Composite Tissue Allotransplantation helps amputees grab life by the horns
Since the first fully successful procedure was performed in 1999, Composite Tissue Allotransplantation (CTA) has helped many hand amputees enjoy a greatly improved quality of life. On April 12, 1999, Matthew Scott used his new left hand to throw the ceremonial first pitch at the Philadelphia Phillies opening day baseball game. Later in the year he returned to work and went on to enjoy a normal life.
To understand how CTA works, one first must understand the inner workings of the human hand. It weighs less than 2.2 kgs and consists of multiple, intricately structured tissues including skin, fat, 28 muscles, nerves which include 3 primary nerves, blood vessels including 2 main arteries along with tendons and soft tissue.
The skeletal structure of the hand is composed of bones divided into three groups: the carpus, the metacarpal bones, and the phalanges. The muscular system of the hand is composed of extrinsic muscles, which move the whole hand and intrinsic muscles, which cause individual parts of the hand to move. The 3 primary nerves are the median, ulnar, and radial nerves. All three nerves are required to control the wrist, finger and thumb. The 2 main arteries, radial and ulnar, ensure proper blood circulation within the hand.
Hand transplantation differs significantly from organ transplantation, in that it involves so many varying tissues, and has more psychological implications for the patient since it both visible and has so much potential to restore lost abilities. However, like organ transplants, immunosuppresive drugs must still be administered to the recipient in order to prevent the body from rejecting the newly transplanted hand.
The procedure, which can include arms when required, is specifically for patients who have lost hands or forearms due to physical trauma or radical medical interventions. Currently, it is not being considered for birth defects, cancer related amputations, replacement of lost legs and feet or patients whose amputations are limited to fingers. The recipient is required to be in good health and is required to undergo extensive medical testing including but not limited to radiology, blood tests, limb measurements and psychological evaluation, in addition to consultations with multiple surgeons and specialists. Recipients can expect to spend several months in physical therapy after receiving their new limbs.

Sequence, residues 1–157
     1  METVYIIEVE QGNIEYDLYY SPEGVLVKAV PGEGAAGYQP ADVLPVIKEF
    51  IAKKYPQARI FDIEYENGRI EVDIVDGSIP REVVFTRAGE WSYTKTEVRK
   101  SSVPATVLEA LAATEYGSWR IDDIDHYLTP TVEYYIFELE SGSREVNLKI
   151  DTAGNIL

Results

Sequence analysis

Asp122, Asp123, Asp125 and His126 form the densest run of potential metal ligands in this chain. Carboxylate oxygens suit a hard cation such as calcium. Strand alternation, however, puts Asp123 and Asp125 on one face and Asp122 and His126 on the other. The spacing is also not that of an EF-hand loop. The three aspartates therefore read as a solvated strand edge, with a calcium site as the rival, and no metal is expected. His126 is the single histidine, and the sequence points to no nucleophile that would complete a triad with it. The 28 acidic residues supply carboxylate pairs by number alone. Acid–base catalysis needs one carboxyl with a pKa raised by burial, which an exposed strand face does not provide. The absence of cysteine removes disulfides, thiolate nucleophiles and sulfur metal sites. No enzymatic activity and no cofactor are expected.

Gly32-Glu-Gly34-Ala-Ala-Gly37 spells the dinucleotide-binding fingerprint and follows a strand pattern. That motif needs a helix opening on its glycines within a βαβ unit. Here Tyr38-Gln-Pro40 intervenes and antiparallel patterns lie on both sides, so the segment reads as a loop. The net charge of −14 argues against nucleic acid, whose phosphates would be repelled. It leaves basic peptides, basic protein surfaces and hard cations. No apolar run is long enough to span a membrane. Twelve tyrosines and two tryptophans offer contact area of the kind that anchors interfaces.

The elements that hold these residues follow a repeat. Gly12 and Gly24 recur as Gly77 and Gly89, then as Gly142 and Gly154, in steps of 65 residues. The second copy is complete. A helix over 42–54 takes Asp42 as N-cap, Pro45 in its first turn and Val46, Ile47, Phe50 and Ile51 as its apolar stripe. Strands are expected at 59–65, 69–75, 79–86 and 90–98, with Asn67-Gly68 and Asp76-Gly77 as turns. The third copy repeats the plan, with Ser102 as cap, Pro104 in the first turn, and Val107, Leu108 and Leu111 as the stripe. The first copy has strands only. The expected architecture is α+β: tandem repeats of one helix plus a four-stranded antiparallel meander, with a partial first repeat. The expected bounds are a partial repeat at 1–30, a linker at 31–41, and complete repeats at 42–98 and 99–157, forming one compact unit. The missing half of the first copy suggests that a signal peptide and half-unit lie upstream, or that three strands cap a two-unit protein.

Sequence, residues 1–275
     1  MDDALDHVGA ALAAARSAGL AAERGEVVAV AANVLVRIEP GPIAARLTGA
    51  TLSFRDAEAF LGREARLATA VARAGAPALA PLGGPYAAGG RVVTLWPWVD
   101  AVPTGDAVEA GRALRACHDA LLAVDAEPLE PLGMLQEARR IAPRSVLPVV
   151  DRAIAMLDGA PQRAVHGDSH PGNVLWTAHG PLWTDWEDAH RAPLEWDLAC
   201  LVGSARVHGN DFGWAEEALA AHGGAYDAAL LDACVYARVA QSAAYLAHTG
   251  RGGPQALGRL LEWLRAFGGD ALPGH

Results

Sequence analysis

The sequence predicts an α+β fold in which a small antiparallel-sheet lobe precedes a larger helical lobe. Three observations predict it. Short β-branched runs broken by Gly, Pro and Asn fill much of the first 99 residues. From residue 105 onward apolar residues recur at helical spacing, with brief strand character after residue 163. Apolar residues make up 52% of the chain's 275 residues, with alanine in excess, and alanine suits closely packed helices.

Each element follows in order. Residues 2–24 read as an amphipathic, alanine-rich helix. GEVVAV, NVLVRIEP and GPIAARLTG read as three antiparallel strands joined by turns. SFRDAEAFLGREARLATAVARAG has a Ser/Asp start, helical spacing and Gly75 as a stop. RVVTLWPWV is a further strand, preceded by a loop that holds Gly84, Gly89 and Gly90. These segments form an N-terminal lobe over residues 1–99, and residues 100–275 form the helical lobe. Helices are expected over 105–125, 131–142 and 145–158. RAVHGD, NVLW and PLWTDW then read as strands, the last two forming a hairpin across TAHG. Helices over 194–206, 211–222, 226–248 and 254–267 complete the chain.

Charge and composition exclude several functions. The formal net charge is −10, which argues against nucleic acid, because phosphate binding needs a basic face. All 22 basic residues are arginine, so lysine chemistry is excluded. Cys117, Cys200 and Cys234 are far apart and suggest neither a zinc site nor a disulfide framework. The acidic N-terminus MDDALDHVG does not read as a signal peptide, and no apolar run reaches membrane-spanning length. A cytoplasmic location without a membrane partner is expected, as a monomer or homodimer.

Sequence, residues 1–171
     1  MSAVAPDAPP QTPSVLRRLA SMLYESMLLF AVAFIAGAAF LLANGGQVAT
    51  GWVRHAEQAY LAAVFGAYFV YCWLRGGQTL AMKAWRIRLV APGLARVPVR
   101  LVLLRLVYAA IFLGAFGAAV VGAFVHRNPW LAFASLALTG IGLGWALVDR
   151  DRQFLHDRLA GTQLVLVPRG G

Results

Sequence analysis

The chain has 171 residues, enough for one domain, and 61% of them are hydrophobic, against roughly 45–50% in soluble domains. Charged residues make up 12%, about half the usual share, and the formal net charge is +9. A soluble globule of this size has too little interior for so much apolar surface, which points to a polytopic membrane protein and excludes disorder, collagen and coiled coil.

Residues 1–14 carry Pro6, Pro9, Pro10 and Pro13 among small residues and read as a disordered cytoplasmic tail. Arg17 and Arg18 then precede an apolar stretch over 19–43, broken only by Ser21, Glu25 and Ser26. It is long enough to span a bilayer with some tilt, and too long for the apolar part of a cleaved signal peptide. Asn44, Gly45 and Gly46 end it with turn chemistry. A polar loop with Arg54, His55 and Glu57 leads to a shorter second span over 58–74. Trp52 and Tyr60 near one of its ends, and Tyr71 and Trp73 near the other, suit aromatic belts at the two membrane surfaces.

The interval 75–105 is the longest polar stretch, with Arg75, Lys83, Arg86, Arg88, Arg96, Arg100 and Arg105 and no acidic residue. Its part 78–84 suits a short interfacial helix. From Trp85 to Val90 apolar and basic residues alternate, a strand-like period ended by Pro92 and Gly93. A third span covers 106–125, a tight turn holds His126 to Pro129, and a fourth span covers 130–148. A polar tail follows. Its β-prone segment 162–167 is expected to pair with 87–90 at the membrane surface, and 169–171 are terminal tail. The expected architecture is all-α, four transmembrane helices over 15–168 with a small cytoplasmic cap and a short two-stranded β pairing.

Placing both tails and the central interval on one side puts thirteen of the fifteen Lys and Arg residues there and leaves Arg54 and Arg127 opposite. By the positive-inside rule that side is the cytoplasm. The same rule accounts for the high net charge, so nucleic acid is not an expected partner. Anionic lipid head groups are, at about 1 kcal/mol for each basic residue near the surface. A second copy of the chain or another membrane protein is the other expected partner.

Unfortunately, even when the surgery itself is a success, patients sometimes experience health problems associated with the immunosuppressive drugs that they are required to take indefinitely. Side effects of the drugs can include, but are not necessarily limited to: Hypertension, acne, tremors, gastrointestinal problems, compromised immunity, increased risk of certain cancers, hirsutism, weight gain, renal and hepatic dysfunction and diabetes. Major lifestyle changes are required after surgery, and due to the problem of decreased immunity associated with these drugs patients must avoid contracting any type of infection, especially within the first 6 months after surgery. They must avoid crowds and people infected with contagious illnesses, and should wear masks while outside. They cannot clean litter boxes, manage houseplants or gardening, and cannot swim in freshwater.
Like internal organs, donated limbs are harvested from brain dead, living donors. Limb transplantation is a long and tedious surgery that can last 12-16 hours, the duration of which is longer than the time it takes to transplant internal organs. Physicians, however, often find hand transplant surgery easier to perform than the reattachment of a severely damaged hand that often consists of crushed bone and torn cartilage. The limb transplantation procedure is performed in a specific order wherein bones are set first, followed by the connecting of tendons, arteries, nerves and finally veins. Possible post-operative complications can involve rejection of the new hand, infection of the surgical site and circulatory blockage.